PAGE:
Timon Marmex is a high-powered videogame programming contractor living in Los Angeles, California.
Indeed, many of the songs on White Collar Punk are, in fact, about the stress of working long hours as a programmer in the video game industry. Certainly, songs like Hello Sailor and Running Down wouldn't exist otherwise. In the past I've worked in everything from your typical large company "Dilbert-esque" environment to running my own little development effort. I've seen companies, large and small, crumble around me. These situations provide me with great musical inspriation to this day. The stress I felt was very real, and very intense, and the resulting lack of sleep had a tremendous impact on certain songs.
More recent songs on my new album, The Drama, have been influence by my relationships with other people here in Los Angeles.
Musically, I've been active since the mid 1980's as part of the Maryland-based band Hoi-Polloi... who were completely ignorant of the other band with the same name that actually had a recording contract. This band never toured or released any tapes except to a few friends, which is probably a good thing. Eventually, the band members went their seperate ways and can pretty much be considered disbanded at this point. Many of my newer songs deal with the growing physical and psychological distance between myself and my friends, including the songs "I Don't Think So (In the Mirror)", and "Calm Down".
One of my "Post-Hoi-Polloi" songs called Age of Magic appeared on the Magic: The Gathering MS-DOS demo disc (3rd or 4th track) distributed at one E3 trade show (94 or 95?) This all-synthesizer work may suprise folks who have only heard White Collar Punk. Actually, most of my work prior to White Collar Punk is nearly all synthesizer. Originally, I became interested in music through video-game theme music, and the first album I ever bought was Computer World, by Kraftwerk. I have been tremendously influenced by 80's synth acts such as Kraftwerk, Thomas Dolby, Lene Lovich, Devo, Human League, YMO, Gary Numan, The Eurythmics, The Cars, and The Art of Noise.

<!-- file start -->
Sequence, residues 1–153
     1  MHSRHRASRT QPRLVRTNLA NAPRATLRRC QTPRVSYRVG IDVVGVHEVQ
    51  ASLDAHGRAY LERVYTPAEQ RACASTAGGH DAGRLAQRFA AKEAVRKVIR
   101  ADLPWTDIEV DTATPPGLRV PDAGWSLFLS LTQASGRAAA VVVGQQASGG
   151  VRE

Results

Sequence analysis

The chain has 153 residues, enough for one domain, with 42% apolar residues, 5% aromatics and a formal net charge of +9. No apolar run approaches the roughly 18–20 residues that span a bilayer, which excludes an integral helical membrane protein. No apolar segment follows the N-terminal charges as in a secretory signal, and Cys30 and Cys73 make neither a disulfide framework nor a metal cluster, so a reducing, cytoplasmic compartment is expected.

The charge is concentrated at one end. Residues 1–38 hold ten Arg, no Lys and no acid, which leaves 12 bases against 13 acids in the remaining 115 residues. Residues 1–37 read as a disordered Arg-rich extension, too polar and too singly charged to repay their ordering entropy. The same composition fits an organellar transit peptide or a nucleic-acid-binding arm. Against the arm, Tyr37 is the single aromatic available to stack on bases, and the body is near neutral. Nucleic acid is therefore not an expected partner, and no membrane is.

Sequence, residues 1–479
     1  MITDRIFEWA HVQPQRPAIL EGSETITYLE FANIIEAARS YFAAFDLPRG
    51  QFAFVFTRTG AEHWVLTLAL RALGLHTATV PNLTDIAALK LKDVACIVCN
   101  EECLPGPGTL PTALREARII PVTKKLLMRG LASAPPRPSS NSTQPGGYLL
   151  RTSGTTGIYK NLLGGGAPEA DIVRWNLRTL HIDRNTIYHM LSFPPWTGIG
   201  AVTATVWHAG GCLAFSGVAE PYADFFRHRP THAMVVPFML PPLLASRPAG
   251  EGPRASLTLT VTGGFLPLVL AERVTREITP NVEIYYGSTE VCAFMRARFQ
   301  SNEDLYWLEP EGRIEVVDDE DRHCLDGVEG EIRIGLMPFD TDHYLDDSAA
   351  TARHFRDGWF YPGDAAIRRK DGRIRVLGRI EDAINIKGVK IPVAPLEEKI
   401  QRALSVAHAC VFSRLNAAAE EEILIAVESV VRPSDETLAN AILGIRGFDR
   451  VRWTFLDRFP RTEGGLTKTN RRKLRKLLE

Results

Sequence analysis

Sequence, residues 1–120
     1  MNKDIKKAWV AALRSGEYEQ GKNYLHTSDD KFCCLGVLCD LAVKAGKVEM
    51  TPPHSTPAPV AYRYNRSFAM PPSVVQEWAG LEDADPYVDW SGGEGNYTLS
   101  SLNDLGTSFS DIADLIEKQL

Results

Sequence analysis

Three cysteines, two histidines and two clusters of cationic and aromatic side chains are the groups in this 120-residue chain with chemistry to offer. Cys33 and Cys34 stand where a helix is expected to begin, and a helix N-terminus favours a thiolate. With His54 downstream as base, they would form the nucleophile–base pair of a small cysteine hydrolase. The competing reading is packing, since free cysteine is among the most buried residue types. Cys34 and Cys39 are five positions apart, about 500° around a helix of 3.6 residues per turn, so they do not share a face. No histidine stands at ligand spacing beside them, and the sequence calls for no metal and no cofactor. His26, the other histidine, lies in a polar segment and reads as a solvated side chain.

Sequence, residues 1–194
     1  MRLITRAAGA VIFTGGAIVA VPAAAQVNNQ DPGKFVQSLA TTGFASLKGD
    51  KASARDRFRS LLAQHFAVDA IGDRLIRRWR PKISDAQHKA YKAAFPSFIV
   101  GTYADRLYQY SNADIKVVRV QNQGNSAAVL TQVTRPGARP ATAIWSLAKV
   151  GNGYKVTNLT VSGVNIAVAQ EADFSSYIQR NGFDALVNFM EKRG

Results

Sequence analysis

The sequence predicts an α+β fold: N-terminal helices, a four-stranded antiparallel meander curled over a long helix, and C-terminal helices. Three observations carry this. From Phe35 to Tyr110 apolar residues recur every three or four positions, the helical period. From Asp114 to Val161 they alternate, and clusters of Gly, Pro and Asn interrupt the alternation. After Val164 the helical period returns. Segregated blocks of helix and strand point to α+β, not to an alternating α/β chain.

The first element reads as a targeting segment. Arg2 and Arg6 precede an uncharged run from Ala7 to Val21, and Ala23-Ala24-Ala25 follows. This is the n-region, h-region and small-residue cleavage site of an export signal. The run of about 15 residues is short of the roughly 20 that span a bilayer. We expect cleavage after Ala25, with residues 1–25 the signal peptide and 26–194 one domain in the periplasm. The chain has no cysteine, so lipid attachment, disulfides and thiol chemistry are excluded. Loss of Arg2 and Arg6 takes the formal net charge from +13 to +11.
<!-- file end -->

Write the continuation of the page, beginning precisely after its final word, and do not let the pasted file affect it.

Growing up in Maryland exposed me to a great deal of the original "Progressive Rock" through the local radio-station WHFS, so I am sure that I have been influenced by many, many punk and progressive bands whose names I could not possibly remember. A few which come to mind (in no particular order) are The Violent Femmes, The Smiths, The Cure, The Cult, The Buzzcocks, Voice of the Beehive, The Breeders, Elvis Costello, The Buzzcocks, Depeche Mode, The The, Gang of Four, Killing Joke, Romeo Void, Lou Reed, Joy Division, Pop Will Eat Itself, Yaz, Yello.
More recently, exposure to Nine Inch Nails broadened my interest in music to include guitar-based music, and popular bands such as Nirvana and Greenday convinced me that lack of guitar vitruosity was no barrier to creating interesting music. These days, I am quite influenced by the early post-punk material of Gary Numan, contemporary electronic rock from Jesus Jones and Tomoyasu Hotei, the humorous techno of Denki Groove, the pre-manufactured synthesized Japanese idol pop of MAX, various Japanese anime BGM music, including Urusei Yatsura's hyperactive synthesizer solos. Even more recently, neo-new-wave bands like Ladytron and The Faint have proven quite inspirational.
My other interests include Japanese anime and console games, electronic gadgets, popular building blocks from Denmark, collecting classic arcade games, Atari computers, TV dinners, science fiction and heroic fantasy. My turn-offs are drugs, sex, religion, politics, the environment, apple computers, Star Trek, SPAM, telephone solicitors, advertisements, sports, sitcoms, air travel, hotels, and things which suck.
Anybody who has actually read this far down the page should know that this page is a blatant attempt to get more hits from search engines. I really don't think that anybody actually cares that much about me and what I like, much less my influences.
If you'd like to contact me you can e-mail me at: